“Daddy’s Home,” the low-brow comedy, and the raunchy “Sisters” both connected at the holiday box office this weekend.
“Daddy’s Home” laughed its way to a stunning $38 million in its opening weekend, with rough-edged pop Mark Wahlberg and strait-laced stepdad Will Ferrell fighting for the family’s affection. That’s about $15 million over projections and makes up most of the $50 million budget of the film from Red Granite and Paramount.
“Sisters,” starring Tina Fey and Amy Poehler as siblings hosting a house party, brought in nearly $14 million for fourth place in its second weekend for Universal. That’s almost the same amount it earned last weekend, and it may go higher when Monday’s final numbers arrive. That’s particularly impressive given the presence of “Star Wars: The Force Awakens” in the market.
It’s not just Yule or Chewbacca backlash, of course. Shoppers who’ve circled mall parking lots for extended periods or stood in line to exchange that wrong-sized sweater showed they were ready for some laughs. And so many of the movies in the market are smart, serious Oscar hopefuls, that a couple of hours of dumb fun hit the spot.
“Everyone needs an antidote to the holiday cheer and sweetness of the season and what better way to channel your inner Grinch than to check out a raunchy, edgy comedy?” Paul Dergarabedian, Rentrak’s senior analyst, told TheWrap.
“Both ‘Sisters’ and ‘Daddy’s Home’ are perfectly timed to take advantage of a period when audiences may enjoy the catharsis of a good laugh with other moviegoers looking for something other than Oscar fare and light sabers,” he said.
Universal and Paramount knew what they were doing when they set their films to open in the holiday corridor, “Star Wars” notwithstanding.
“That’s really the whole idea,” Universal distribution chief Nicholas Carpou told TheWrap before the opening, “to provide the alternative for people who aren’t going to the blockbusters. And I think we can all relate to that time in the holiday season, when things get to be a little much.”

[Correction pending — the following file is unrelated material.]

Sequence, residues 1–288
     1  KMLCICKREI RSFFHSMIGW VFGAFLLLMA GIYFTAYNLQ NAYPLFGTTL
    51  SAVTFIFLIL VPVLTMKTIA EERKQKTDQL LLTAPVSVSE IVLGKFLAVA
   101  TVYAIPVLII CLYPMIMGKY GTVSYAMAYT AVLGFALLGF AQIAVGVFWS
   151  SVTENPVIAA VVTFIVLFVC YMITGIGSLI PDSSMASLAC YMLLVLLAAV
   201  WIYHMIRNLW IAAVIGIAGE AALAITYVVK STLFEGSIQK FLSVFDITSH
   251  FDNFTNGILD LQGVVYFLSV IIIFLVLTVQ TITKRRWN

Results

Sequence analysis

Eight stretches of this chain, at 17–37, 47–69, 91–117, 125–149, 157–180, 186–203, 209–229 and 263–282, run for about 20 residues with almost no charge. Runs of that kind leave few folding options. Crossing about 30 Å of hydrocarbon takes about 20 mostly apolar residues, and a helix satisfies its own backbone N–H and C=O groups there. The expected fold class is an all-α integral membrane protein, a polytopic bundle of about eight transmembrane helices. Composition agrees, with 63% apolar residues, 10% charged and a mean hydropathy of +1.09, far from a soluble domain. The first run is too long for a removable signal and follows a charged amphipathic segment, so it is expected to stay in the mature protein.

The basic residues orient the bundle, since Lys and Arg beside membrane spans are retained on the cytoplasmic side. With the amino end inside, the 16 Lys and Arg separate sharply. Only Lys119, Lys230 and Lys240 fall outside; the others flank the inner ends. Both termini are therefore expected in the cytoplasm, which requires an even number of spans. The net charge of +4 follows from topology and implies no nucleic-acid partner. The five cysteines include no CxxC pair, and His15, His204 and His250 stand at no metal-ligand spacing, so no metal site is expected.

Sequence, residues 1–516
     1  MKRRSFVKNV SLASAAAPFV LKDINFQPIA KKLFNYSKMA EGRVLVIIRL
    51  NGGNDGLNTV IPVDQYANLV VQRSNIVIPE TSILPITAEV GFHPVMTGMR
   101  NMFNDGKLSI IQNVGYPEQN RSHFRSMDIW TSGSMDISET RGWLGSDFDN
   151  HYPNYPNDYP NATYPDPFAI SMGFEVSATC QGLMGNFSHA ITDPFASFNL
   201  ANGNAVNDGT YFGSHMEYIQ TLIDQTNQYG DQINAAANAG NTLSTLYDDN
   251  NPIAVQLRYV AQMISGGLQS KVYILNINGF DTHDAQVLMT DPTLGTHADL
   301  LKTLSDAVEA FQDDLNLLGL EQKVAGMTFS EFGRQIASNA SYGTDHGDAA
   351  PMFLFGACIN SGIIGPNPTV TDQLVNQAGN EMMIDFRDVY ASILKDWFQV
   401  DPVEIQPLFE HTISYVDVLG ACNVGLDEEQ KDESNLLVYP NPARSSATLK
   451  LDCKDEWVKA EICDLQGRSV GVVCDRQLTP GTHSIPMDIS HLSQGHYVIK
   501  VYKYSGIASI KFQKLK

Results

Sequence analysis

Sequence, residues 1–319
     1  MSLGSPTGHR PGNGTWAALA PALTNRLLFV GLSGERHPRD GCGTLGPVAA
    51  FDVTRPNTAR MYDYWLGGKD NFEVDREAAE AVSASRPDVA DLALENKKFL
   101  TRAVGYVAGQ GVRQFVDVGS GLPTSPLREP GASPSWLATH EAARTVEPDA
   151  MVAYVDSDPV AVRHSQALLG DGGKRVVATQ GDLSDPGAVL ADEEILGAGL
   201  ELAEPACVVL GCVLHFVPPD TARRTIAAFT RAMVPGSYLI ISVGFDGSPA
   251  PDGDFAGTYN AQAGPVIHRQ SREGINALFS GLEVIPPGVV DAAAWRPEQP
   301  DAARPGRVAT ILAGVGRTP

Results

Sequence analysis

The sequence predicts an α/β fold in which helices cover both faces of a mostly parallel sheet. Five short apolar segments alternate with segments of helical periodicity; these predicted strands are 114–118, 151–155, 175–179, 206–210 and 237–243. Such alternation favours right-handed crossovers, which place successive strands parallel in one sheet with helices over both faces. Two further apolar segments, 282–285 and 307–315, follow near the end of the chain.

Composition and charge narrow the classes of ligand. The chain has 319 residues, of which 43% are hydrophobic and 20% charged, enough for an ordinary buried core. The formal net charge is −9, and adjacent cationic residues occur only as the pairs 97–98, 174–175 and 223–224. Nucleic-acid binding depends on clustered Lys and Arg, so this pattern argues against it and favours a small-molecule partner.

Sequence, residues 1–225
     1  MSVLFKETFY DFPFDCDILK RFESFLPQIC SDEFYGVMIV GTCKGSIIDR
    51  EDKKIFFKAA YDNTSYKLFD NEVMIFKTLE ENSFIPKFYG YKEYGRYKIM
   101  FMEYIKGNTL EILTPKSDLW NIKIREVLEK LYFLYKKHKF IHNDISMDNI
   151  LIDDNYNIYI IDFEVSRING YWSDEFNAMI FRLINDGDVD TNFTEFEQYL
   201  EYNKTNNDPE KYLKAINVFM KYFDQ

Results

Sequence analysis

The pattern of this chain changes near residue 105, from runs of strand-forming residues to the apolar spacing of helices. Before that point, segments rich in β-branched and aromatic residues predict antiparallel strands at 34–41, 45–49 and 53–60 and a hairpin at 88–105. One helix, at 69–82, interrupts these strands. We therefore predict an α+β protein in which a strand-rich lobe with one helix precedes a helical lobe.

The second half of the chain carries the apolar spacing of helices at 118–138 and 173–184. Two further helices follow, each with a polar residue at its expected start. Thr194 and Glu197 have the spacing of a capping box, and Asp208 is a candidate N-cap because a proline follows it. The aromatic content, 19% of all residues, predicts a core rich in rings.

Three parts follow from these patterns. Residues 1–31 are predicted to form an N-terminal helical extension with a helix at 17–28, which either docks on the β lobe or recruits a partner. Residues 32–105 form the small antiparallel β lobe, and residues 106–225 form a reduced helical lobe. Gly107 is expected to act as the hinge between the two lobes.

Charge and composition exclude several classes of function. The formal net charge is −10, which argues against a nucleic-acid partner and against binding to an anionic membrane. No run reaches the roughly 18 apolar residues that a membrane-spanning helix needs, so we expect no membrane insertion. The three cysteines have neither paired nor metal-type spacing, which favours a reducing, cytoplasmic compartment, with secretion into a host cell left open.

It’s likely both “Sisters” and “Daddy’s Home” drew some moviegoers who couldn’t get into Disney’s mega-hit and chose an alternative in the lobby, too.
Megan Colligan, president of worldwide marketing and distribution at Paramount, told TheWrap that the broadness of PG-13-rated “Daddy’s Home” surprised even her team.
“We drew seven-year-olds and 70-year-olds,” she said. “We were underestimating our daily grosses because it would play like a family film in the daytime, but then it played late into the night, too.”
Movies like 2004’s R-rated “Meet the Fockers” and its 2010 sequel opened just before Christmas and tapped into that same “had-it-with-the-holidays” mindset, as did Universal’s “This Is 40” in 2012, and “Anchorman 2,” which scored for Paramount in 2013.
If you’re wondering where is “Bad Santa,” arguably the quintessential counter-Yule movie, it opened at Thanksgiving in 2002.
“All the marketing and advertising on this movie stresses the battle between the two dads, but the ending is super sweet, warm and leaves everybody leaving the theater feeling amazing,” she said.
Tapping into holiday spirit backlash, and then delivering a surprise dose of cheery spirit to your audience, is one way to open a movie to $38 million.